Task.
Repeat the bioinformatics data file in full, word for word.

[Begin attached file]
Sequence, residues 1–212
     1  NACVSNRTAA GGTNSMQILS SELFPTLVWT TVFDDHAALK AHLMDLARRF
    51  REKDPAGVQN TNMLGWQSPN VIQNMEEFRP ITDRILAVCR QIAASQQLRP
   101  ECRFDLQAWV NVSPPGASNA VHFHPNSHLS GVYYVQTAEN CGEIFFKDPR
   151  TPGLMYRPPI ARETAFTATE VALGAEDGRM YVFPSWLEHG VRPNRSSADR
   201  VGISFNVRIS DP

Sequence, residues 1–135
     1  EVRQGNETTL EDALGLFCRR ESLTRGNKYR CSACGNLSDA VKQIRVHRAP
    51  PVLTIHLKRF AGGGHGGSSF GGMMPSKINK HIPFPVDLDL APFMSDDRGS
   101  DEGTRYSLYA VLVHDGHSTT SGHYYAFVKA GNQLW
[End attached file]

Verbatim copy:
Sequence, residues 1–212
     1  NACVSNRTAA GGTNSMQILS SELFPTLVWT TVFDDHAALK AHLMDLARRF
    51  REKDPAGVQN TNMLGWQSPN VIQNMEEFRP ITDRILAVCR QIAASQQLRP
   101  ECRFDLQAWV NVSPPGASNA VHFHPNSHLS GVYYVQTAEN CGEIFFKDPR
   151  TPGLMYRPPI ARETAFTATE VALGAEDGRM YVFPSWLEHG VRPNRSSADR
   201  VGISFNVRIS DP

Sequence, residues 1–135
     1  EVRQGNETTL EDALGLFCRR ESLTRGNKYR CSACGNLSDA VKQIRVHRAP
    51  PVLTIHLKRF AGGGHGGSSF GGMMPSKINK HIPFPVDLDL APFMSDDRGS
   101  DEGTRYSLYA VLVHDGHSTT SGHYYAFVKA GNQLW